Shapes in the Night Sky

Long before TV and radio, movies and organized theater, there were only the stars at night and the tales told about them, often around a crackling camp fire, to entertain us.

Shepherds, cattlemen and hunters would go to sleep out in the open on hot summer nights and look at the stars in wonder. What were these points of light that seem to stay in a constant formation and travel across the night sky together? And what were the other points of light, those that seemed to wander? These wandering stars were called Astra Planeta in the language of the Greeks. We now know these wandering stars as planets.

The Planets didn't stay in formation like the other stars but seemingly zigzagged across the heavens, their trails discernible only over a period of time. The Greeks had no way of knowing that the planets, including our earth, were orbiting the sun and that it only our earthbound perspective made the planets' paths look chaotic.

The one predictable part of the planets’ course was that they all traveled in the same narrow path through the sky, even the sun and the moon.

Ancient people looked into the heavens and projected meaning onto the patterns they perceived.  In much the same way, people of today look up and try and see shapes, including animals, in the clouds.

This narrow path had star formations that the ancients became familiar with over time. These constellations of stars were named after famous gods, heroes and mythic beasts. The narrow path became special,  and each of the constellations became closely associated with the seasons of the year and of our lives. These constellations eventually evolved into our zodiac.

When are We?

“What day is it? And more importantly when is Winter coming?”

Determining the exact time of the year was very important to the ancients as one had to know when to expect the next change in seasons. The only problem was that there was no exact way of measuring a year.

The earliest and most obvious way to measure a year is by the phases of the moon. Starting with an empty sky the new moon is born and then gets larger every night until it's a whole round disk and then shrinks back to nothing. The problem is as we know now a year is 365 and one fourth day long and a cycle of a moon is on average 29.53 days long and 29.53 goes into 365.4 days in a year 12.35 times. That’s twelve and a third moon cycles in a year. So if you track time by the moon you will get roughly 12 moons, or months as we call them, in a year. But then there are some days left over and after a few years these left over days add up. Soon the spring festival is happening in the middle of winter, and no one is sure when to plant crops. So an extra month has to be added so the months match the correct season. This adding up of extra days into a new month usually happens in winter.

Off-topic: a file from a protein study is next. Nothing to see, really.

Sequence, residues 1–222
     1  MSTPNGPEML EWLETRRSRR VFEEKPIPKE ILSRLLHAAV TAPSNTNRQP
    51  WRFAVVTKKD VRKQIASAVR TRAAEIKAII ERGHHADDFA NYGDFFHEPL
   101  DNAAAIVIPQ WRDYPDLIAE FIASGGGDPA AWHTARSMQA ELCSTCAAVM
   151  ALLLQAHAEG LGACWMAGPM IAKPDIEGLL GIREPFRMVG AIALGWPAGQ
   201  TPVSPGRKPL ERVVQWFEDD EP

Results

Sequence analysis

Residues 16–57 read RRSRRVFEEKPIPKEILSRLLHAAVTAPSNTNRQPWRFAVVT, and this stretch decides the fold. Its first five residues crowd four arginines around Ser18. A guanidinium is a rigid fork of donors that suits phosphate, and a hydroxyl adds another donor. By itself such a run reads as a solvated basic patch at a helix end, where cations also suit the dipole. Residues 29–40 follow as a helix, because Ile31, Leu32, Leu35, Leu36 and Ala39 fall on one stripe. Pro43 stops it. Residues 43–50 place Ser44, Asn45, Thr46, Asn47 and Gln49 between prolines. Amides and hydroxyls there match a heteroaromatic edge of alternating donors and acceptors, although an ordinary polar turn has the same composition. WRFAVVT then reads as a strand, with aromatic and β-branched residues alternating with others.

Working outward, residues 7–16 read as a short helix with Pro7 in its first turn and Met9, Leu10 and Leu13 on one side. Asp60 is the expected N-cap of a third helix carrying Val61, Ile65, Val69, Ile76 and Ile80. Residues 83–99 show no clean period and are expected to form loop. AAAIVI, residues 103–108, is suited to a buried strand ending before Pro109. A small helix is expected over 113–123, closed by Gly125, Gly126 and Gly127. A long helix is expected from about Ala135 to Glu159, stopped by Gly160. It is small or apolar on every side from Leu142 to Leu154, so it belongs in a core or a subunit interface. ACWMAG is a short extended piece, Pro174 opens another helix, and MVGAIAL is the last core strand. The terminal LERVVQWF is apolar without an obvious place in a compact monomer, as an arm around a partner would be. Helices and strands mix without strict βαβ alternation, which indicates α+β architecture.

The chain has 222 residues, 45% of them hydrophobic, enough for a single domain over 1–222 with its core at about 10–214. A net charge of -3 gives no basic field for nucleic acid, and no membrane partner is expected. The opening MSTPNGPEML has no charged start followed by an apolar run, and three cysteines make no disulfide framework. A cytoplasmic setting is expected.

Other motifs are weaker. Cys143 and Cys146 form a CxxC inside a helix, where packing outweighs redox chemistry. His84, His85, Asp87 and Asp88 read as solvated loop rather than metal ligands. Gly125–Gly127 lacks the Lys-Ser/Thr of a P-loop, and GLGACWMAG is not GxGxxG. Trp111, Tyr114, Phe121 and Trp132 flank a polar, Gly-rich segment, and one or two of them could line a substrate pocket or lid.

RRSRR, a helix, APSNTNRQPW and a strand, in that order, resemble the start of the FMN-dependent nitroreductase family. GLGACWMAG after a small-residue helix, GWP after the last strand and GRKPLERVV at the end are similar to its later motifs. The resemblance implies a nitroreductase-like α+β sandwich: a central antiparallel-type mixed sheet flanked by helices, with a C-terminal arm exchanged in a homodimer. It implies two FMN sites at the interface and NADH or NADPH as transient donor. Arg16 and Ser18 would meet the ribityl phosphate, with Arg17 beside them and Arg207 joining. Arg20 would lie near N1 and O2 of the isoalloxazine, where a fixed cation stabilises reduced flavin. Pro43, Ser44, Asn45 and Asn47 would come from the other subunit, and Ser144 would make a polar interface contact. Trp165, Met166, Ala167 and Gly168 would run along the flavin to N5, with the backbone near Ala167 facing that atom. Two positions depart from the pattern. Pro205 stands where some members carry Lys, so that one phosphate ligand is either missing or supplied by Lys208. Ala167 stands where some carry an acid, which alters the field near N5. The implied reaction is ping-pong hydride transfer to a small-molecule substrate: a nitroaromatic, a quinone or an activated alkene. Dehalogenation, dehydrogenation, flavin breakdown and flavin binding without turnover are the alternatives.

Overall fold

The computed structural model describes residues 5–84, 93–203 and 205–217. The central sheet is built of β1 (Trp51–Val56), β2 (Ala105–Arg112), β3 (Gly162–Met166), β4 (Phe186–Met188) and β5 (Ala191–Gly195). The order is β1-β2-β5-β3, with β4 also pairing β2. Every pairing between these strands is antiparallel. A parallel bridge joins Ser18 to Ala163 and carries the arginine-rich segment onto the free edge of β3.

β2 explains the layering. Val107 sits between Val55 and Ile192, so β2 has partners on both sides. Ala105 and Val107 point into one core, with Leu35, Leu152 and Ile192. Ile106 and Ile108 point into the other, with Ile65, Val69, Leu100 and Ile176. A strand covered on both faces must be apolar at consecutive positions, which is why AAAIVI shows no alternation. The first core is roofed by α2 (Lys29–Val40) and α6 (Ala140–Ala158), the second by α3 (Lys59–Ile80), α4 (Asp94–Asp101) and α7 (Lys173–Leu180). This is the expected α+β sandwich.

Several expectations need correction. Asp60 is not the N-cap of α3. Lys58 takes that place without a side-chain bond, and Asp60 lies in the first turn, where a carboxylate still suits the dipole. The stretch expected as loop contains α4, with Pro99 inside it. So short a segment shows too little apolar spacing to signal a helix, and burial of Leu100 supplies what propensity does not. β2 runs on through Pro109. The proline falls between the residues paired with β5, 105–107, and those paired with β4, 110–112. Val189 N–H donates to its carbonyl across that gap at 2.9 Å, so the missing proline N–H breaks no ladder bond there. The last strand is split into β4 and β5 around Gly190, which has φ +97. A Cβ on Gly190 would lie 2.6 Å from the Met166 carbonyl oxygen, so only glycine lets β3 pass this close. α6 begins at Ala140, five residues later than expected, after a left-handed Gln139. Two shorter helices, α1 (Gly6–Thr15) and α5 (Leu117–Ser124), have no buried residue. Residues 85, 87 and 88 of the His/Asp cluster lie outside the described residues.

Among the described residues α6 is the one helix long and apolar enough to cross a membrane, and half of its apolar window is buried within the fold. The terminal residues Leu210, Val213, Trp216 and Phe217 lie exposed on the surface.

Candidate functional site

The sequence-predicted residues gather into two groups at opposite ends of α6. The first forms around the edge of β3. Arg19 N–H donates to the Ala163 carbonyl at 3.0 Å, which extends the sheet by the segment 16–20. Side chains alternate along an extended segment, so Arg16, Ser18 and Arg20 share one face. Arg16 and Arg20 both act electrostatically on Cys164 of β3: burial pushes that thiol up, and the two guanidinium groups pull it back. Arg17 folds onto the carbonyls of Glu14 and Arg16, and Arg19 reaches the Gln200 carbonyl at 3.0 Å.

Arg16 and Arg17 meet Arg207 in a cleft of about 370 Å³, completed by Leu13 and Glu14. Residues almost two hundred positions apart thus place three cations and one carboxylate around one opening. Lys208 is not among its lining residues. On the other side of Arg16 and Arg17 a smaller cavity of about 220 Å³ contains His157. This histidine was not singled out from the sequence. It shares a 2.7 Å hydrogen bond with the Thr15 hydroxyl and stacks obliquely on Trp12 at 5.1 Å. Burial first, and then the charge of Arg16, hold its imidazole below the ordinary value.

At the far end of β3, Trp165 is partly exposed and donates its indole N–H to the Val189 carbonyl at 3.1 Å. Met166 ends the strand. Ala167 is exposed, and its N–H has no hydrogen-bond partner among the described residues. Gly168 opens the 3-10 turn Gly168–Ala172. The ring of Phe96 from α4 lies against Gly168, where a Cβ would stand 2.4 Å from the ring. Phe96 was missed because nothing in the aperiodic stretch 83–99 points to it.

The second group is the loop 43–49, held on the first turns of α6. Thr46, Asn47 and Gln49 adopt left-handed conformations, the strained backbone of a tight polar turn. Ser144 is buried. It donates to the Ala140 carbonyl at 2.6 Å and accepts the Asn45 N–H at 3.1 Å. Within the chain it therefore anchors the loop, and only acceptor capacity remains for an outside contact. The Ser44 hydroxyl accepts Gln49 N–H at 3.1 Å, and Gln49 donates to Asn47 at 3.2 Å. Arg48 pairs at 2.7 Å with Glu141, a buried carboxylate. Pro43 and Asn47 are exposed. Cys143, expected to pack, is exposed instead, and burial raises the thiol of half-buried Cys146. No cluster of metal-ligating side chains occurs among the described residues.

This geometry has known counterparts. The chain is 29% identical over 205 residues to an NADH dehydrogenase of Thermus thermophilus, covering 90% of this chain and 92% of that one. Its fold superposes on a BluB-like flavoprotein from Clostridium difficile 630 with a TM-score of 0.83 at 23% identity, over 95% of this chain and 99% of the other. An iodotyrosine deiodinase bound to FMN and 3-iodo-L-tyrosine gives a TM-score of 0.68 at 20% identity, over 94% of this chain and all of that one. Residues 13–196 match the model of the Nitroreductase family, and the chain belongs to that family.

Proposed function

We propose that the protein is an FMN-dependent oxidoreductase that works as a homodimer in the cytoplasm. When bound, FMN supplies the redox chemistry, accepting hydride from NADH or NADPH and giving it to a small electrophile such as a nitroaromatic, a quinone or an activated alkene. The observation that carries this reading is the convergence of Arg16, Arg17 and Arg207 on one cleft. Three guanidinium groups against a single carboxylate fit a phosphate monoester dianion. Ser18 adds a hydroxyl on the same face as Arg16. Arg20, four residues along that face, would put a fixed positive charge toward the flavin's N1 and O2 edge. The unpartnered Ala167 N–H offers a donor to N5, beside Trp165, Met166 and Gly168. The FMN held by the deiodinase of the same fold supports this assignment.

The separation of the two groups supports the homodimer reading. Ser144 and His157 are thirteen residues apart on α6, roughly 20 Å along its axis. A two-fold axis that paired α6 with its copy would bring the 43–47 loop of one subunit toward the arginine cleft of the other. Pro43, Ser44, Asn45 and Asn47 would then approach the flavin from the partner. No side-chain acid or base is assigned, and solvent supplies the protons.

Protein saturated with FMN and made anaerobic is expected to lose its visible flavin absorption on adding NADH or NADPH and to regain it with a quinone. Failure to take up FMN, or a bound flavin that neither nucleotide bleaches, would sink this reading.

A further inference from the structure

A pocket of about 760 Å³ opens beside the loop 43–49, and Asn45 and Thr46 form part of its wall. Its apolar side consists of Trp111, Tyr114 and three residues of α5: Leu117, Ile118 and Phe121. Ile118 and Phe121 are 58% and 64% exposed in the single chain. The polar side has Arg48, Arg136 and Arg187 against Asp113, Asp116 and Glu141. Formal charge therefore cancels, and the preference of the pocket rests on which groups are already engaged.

The Dreaded 13th Month

You're in the 12th month and everyone is looking forward to Spring. Then the New Year starts and Winter doesn't go away. It should be the end of Winter, only it’s not getting any warmer. So a new month is tacked on to the year. The dreaded thirteenth month. Everyone hates that thirteenth month. Yet at the end of the thirteenth month things are finally getting warmer. It's Spring, the crops begin to grow, and the stricken land begins to heal.

Happy Undecimber

The thirteenth month was added in different places to the old calendar. Sometimes it was added before December and sometime after December. Julius Caesar, the Roman General and statesman, created the modern calendar with 365 and ¼ days. Re called this extra month “Undecimber” as it was the eleventh month and it came after December. (December means tenth month).

There is even a Zodiac sign for the extra month which appears between Scorpius (November 23) and Sagittarius (December 18). This extra Zodiac sign is called “Ophiuchus - the Serpent Healer” and appears November 30.

Olympian Starseeds Initiative


Hercules the Star
By Oscar William-Smith

Part I: An Introduction

Larger Than Life Living In The World Today
(c) 1975 - 2017 Hercules Invictus